Pregnant or lactating staff working in the orthopaedic operating room may be at risk of occupational exposure to several hazards, including blood-borne pathogens, anesthetic gases, methylmethacrylate, physical stress, and radiation. Because the use of proper personal protective equipment is mandatory, the risk of contamination with blood-borne pathogens such as hepatitis B, hepatitis C, and HIV is low. Moreover, effective postexposure prophylactic regimens are available for hepatitis B and HIV. In the 1960s, concerns were raised about occupational exposure to harmful chemicals in the operating room such as anesthetic gases and methylmethacrylate. Guidelines on safe levels of exposure to these chemicals and the use of personal protective equipment have helped to minimize the risks to pregnant or lactating staff. Short periods of moderate physical activity are beneficial for pregnant women, but prolonged strenuous activity can lead to increased pregnancy complications. The risk of prenatal radiation exposure during orthopaedic procedures is of concern, as well. However, proper lead protection and contamination control can minimize the risk of occupational exposure to radiation.

            • Subspecialty:
            • General Orthopaedics

          Traumatic Atlanto-occipital Dislocation in Children

          Although once considered an invariably fatal injury, improvements in diagnosis and management have made atlanto-occipital dislocation (AOD) a survivable injury. MRI is the preferred imaging modality; occasionally, flexion/extension/distraction fluoroscopy may be required to determine craniovertebral stability. Early surgical stabilization is recommended for all children with AOD. Early occipitocervical fusion using screws in combination with a rod or plate, or sublaminar wires with a contoured rod, coupled with autograft bone, provide immediate stabilization and a high fusion rate. Halo immobilization and traction are contraindicated in the management of AOD in children because of the risk of displacement of the injured occipitocervical joint. Postoperative hydrocephalus is frequent and should be suspected when neurologic decline occurs after fixation. Nearly half of children who survive AOD will have residual neurologic deficits.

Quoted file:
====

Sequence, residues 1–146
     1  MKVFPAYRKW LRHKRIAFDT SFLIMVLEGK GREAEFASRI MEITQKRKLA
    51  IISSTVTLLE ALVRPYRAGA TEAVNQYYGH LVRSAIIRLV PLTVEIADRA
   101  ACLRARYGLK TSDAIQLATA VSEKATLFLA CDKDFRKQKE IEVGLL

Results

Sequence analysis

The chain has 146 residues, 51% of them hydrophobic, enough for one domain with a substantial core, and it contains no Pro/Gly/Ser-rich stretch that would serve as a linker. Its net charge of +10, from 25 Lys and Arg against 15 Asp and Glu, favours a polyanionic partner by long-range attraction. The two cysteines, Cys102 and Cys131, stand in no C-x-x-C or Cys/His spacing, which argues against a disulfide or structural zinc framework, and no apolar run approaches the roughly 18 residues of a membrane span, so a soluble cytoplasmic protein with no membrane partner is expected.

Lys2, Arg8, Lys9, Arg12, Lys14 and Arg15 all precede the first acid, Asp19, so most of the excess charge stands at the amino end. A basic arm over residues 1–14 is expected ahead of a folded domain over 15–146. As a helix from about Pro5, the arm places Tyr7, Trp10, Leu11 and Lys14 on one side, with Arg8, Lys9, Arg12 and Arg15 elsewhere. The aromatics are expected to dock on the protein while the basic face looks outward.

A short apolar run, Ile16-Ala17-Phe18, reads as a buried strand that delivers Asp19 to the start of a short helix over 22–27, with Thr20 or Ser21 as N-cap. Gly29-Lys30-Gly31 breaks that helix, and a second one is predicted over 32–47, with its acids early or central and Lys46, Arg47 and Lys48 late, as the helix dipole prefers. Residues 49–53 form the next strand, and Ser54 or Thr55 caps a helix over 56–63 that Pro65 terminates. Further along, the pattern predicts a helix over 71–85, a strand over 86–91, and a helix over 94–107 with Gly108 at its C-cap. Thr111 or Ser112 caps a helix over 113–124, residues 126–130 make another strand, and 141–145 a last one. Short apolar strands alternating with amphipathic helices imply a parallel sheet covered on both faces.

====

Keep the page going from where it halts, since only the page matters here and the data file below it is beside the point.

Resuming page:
• Subspecialty:
              • Pediatric Orthopaedics

            Ulnar Collateral Ligament Injuries in the Throwing Athlete

            Repetitive valgus forces on the throwing elbow place significant stress on that joint. This stress can cause structural damage and injury to the ulnar collateral ligament. Many acute injuries of the throwing elbow are caused by repetitive chronic wear. Although much work has been done on injury prevention in youth who are pitchers, overuse injury in throwing sports constitutes an epidemic. Failing nonsurgical management, ulnar collateral ligament reconstruction is a viable option to return the throwing athlete to competition.

                • Subspecialty:
                • Sports Medicine

              Unicameral Bone Cysts: General Characteristics and Management Controversies

              Unicameral bone cysts are benign bone lesions that are often asymptomatic and commonly develop in the proximal humerus and femur of skeletally immature patients. The etiology of these lesions remains unknown. Most patients present with a pathologic fracture, but these cysts can be discovered incidentally, as well. Radiographically, a unicameral bone cyst appears as a radiolucent lesion with cortical thinning and is centrally located within the metaphysis. Although diagnosis is frequently straightforward, management remains controversial. Because the results of various management methods are heterogeneous, no single method has emerged as the standard of care. New minimally invasive techniques involve cyst decompression with bone grafting and instrumentation. These techniques have yielded promising results, with low rates of complications and recurrence reported; however, prospective clinical trials are needed to compare these techniques with current evidence-based treatments.

                  • Subspecialty:
                  • Musculoskeletal Oncology